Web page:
Mead’s research caused a firestorm in scholarly circles, as it challenged the biological view on gender that was still very popular when she went to New Guinea. In recent years, Mead’s findings have been challenged by other anthropologists. Among other things, they argue that she probably painted an overly simplistic picture of gender roles in her three societies (Scheper-Hughes, 1987). Other anthropologists defend Mead’s work and note that much subsequent research has found that gender-linked attitudes and behavior do differ widely from one culture to another (Morgan, 1989). If so, they say, the impact of culture on what it means to be a female or male cannot be ignored.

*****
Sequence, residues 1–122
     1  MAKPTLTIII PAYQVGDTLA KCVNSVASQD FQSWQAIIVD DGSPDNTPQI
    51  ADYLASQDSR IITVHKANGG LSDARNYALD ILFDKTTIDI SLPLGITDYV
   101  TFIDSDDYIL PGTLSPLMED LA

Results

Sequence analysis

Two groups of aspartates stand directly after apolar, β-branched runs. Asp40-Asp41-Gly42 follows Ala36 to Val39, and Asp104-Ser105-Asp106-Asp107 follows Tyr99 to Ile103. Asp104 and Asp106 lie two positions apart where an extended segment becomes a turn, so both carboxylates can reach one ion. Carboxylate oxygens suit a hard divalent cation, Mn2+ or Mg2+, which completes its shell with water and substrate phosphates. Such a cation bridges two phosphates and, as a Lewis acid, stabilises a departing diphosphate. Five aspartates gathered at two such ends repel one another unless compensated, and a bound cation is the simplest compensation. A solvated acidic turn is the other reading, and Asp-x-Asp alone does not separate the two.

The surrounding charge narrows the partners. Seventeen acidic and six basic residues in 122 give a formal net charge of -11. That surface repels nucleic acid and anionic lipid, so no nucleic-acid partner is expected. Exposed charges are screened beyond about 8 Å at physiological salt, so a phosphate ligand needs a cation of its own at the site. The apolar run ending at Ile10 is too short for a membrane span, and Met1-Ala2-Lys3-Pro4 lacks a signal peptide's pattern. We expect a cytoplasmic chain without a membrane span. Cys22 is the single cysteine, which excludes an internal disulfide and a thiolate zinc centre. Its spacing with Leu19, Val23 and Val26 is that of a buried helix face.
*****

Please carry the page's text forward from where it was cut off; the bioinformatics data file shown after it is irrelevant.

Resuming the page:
Extensive evidence of this impact comes from anthropologist George Murdock, who created the Standard Cross-Cultural Sample of almost 200 preindustrial societies studied by anthropologists. Murdock (1937) found that some tasks in these societies, such as hunting and trapping, are almost always done by men, while other tasks, such as cooking and fetching water, are almost always done by women. These patterns provide evidence for the evolutionary argument presented earlier, as they probably stem from the biological differences between the sexes. Even so there were at least some societies in which women hunted and in which men cooked and fetched water.